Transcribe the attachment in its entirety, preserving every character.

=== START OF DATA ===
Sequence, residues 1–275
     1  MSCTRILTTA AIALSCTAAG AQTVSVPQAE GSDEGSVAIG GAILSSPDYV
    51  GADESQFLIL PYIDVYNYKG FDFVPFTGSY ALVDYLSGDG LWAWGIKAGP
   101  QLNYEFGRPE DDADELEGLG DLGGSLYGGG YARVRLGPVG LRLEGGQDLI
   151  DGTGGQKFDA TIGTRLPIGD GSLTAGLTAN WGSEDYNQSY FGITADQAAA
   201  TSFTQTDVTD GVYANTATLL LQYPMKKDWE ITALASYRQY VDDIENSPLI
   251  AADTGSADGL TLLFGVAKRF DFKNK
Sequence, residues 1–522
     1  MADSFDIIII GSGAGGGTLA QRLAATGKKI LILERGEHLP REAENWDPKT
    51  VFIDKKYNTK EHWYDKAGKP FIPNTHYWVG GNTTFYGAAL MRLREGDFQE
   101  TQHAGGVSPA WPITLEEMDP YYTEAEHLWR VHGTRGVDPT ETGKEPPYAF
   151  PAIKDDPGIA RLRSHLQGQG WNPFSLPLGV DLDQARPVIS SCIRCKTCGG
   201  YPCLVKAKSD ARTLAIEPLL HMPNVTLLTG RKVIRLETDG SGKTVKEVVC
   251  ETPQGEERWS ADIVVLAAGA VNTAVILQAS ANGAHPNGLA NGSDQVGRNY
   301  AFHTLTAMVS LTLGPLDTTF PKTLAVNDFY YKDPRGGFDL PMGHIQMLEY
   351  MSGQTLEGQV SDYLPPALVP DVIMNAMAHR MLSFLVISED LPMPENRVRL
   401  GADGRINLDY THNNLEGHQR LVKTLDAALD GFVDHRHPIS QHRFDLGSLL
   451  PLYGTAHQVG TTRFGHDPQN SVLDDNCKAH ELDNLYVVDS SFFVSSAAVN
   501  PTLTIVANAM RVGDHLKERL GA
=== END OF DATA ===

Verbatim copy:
Sequence, residues 1–275
     1  MSCTRILTTA AIALSCTAAG AQTVSVPQAE GSDEGSVAIG GAILSSPDYV
    51  GADESQFLIL PYIDVYNYKG FDFVPFTGSY ALVDYLSGDG LWAWGIKAGP
   101  QLNYEFGRPE DDADELEGLG DLGGSLYGGG YARVRLGPVG LRLEGGQDLI
   151  DGTGGQKFDA TIGTRLPIGD GSLTAGLTAN WGSEDYNQSY FGITADQAAA
   201  TSFTQTDVTD GVYANTATLL LQYPMKKDWE ITALASYRQY VDDIENSPLI
   251  AADTGSADGL TLLFGVAKRF DFKNK
Sequence, residues 1–522
     1  MADSFDIIII GSGAGGGTLA QRLAATGKKI LILERGEHLP REAENWDPKT
    51  VFIDKKYNTK EHWYDKAGKP FIPNTHYWVG GNTTFYGAAL MRLREGDFQE
   101  TQHAGGVSPA WPITLEEMDP YYTEAEHLWR VHGTRGVDPT ETGKEPPYAF
   151  PAIKDDPGIA RLRSHLQGQG WNPFSLPLGV DLDQARPVIS SCIRCKTCGG
   201  YPCLVKAKSD ARTLAIEPLL HMPNVTLLTG RKVIRLETDG SGKTVKEVVC
   251  ETPQGEERWS ADIVVLAAGA VNTAVILQAS ANGAHPNGLA NGSDQVGRNY
   301  AFHTLTAMVS LTLGPLDTTF PKTLAVNDFY YKDPRGGFDL PMGHIQMLEY
   351  MSGQTLEGQV SDYLPPALVP DVIMNAMAHR MLSFLVISED LPMPENRVRL
   401  GADGRINLDY THNNLEGHQR LVKTLDAALD GFVDHRHPIS QHRFDLGSLL
   451  PLYGTAHQVG TTRFGHDPQN SVLDDNCKAH ELDNLYVVDS SFFVSSAAVN
   501  PTLTIVANAM RVGDHLKERL GA